On the face of it, with media on their side, publishers seem to have an advantage over traditional event management companies. Besides image credibility, they boast of reach as well. For example, Mirchi claims to reach 4.1 crore people across India. Bhatt of Radio Mirchi, says, "Any brand which associates with us for an on-ground event not only gets assured footfalls and the audience's touch and feel but also could get huge on-air equity, through RJ mentions."
The events are both ideated and executed by Viacom Brand Solutions, the activation arm of Viacom, the parent company of MTV. The job of the traditional agencies, according to Swamy "has been limited to setting up the stage, putting up barricades and managing the security". In fact, as the channel has its own production team, even the stage design is done in-house. That's true for most of the media houses. Likewise, Zee Business has two big properties - Hunt for India's Smart Investor and Emerging Business Forum - which not only are large-scale ground activities but also make good use of the channel's on-air platform.
Another example is Jagran Group's annual property, Punjab da No 1, which has been replicated in Bihar and Jharkhand as well. The event, conducted in association with Idea Mobile aims to award local achievers such as the best teacher, the best politician, the best lawyer, the best officer and so on. The winners were chosen through SMS voting to a short code. The Punjab event, last year, got about three crore SMSes.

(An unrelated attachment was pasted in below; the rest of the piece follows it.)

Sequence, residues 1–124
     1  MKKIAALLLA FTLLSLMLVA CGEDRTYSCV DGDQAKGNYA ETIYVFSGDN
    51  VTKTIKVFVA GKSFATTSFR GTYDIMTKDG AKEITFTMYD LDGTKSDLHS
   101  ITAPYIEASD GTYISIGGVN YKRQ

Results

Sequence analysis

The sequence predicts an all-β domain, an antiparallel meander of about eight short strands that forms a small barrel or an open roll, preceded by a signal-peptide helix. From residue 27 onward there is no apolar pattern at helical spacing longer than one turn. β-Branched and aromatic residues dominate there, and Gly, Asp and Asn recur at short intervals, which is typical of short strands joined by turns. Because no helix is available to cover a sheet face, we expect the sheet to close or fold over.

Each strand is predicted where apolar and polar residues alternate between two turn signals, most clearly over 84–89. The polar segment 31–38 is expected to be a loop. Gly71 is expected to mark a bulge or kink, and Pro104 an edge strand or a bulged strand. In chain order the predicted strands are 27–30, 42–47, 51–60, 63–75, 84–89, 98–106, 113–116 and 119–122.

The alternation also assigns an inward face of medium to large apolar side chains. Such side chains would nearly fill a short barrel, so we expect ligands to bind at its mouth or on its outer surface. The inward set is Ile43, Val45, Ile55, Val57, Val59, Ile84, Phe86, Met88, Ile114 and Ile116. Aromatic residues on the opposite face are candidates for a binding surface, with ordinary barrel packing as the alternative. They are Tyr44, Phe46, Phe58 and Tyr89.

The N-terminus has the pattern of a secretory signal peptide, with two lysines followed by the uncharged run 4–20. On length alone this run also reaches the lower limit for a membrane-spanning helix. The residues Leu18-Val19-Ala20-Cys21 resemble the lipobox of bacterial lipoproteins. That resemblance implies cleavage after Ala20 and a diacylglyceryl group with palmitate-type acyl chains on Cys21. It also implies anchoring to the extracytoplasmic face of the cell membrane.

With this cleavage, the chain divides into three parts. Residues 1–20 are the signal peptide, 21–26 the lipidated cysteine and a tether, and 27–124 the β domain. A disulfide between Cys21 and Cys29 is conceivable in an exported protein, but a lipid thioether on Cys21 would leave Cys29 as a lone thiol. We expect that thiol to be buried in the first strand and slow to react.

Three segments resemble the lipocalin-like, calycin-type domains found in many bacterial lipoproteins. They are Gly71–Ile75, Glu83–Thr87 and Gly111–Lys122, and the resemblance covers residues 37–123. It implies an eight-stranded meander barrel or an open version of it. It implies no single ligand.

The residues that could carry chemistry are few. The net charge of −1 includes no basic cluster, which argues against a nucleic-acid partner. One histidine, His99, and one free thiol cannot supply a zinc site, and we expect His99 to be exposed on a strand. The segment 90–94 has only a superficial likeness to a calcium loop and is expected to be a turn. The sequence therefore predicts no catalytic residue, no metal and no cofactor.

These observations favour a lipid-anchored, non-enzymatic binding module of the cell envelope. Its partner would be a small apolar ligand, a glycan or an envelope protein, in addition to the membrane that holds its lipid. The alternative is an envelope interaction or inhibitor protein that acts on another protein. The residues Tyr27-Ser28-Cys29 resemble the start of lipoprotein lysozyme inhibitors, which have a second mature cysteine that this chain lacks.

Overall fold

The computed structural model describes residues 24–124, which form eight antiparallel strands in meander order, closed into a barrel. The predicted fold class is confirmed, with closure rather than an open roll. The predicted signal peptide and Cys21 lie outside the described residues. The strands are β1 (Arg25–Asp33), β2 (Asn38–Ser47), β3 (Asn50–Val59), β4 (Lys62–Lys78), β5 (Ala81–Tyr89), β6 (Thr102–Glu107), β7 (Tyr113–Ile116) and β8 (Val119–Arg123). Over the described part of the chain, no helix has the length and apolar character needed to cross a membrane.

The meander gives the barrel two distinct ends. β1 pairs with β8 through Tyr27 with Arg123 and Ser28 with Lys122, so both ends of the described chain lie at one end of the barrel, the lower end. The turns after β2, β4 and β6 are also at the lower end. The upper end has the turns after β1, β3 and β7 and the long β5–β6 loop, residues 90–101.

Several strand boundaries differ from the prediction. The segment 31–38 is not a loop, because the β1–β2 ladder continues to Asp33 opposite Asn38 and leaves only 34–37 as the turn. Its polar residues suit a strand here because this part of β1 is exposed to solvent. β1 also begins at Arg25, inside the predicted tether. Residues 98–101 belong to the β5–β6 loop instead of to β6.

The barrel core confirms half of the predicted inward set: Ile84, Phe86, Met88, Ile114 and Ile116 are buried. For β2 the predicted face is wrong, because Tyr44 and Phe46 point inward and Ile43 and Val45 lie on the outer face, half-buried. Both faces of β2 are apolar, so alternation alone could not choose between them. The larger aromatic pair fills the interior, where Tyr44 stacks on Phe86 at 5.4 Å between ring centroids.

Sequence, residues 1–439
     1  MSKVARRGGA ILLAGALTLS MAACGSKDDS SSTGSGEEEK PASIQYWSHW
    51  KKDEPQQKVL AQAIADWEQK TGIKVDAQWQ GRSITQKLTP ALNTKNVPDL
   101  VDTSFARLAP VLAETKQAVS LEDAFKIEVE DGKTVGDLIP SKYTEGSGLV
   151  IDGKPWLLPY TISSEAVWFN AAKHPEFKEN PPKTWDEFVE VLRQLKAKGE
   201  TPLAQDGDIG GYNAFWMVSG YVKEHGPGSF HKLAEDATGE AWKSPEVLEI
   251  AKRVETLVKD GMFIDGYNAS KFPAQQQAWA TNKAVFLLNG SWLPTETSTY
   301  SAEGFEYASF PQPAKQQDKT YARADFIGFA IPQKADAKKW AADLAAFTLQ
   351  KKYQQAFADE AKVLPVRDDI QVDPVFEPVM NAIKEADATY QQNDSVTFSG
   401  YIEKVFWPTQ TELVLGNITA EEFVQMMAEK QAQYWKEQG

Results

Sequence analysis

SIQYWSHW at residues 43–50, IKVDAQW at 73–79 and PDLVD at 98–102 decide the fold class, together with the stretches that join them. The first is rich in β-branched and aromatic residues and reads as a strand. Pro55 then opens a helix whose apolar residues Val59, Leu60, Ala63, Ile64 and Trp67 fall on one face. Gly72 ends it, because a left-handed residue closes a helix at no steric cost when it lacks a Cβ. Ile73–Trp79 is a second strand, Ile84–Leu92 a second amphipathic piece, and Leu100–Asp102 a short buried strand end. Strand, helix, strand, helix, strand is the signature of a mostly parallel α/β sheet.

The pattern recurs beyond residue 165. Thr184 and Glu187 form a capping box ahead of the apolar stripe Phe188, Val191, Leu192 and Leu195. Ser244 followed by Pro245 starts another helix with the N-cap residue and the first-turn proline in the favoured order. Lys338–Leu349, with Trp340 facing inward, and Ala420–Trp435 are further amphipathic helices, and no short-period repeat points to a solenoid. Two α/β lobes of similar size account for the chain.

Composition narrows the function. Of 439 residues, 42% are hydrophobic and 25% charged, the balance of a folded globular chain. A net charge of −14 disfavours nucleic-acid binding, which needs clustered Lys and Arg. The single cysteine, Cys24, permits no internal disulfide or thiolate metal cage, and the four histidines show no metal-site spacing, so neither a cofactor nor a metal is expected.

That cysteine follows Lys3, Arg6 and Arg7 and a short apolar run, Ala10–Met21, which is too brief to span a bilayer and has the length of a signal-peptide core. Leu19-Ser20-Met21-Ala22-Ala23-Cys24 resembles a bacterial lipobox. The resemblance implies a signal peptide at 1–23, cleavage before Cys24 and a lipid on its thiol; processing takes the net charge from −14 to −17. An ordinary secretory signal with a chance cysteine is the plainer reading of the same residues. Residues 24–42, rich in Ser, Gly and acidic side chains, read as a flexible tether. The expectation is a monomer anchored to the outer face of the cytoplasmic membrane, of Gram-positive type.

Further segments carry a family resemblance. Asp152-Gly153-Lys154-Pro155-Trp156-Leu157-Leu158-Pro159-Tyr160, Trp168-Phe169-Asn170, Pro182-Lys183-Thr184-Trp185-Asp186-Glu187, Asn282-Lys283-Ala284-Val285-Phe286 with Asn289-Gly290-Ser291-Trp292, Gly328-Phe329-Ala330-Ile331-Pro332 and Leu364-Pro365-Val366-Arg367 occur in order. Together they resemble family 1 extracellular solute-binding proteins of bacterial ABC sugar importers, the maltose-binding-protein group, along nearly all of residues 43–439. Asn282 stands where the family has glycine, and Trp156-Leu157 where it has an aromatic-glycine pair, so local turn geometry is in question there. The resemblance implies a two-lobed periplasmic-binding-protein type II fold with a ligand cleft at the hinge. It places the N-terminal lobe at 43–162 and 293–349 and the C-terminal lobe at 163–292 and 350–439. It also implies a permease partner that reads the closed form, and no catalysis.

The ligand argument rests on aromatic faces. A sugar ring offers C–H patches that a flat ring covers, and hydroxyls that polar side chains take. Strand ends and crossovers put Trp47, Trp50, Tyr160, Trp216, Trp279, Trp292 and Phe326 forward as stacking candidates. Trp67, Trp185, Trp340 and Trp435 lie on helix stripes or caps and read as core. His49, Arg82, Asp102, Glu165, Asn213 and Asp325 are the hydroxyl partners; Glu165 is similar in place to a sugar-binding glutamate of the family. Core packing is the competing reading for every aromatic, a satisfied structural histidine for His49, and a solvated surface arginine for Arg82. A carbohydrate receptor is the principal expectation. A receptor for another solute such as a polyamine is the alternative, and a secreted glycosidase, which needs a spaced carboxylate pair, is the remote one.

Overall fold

A single SMS costs anything between Rs 3 and Rs 6, depending on the service provider. Even if the average per SMS is Rs 4, that translates into earnings of around Rs 12 crore, which is shared between the mobile company, Jagran and the government (in form of taxes).
Even event management firms own IPRs. "We have Celebrate Bandra, Indian Ocean Corporate Games, M-Cue and others," says Brian Tellis, chairman, Fountainhead Promotions & Events, adding, "In-house properties bring in more revenue compared to doing client-led solutions but only in the long-run."
But traditional agencies can't argue with the newcomers' clout. Roshan Abbas, managing director, Encompass, an event management company (WPP acquired a majority stake in it last year), concedes, "It is easier for media companies to create their own IPRs as they have the media available to them to amplify the activity. In our case, we'd have to buy the media or go out physically to create an audience for the property."
Event managers are unfazed, though. "The entry of big media houses - as well as big agencies - has lent a 'seriousness' to the platform's perception in the clients' fraternity," explains Tellis. Media companies also like to emphasise their superior understanding of the audience because they routinely delve into readership data. Abbas is unimpressed. "Their understanding of live interaction with the audience is zero. They understand how to run a newspaper and they understand the consumption of a newspaper. But they don't understand the live audience. This audience behaves quite differently."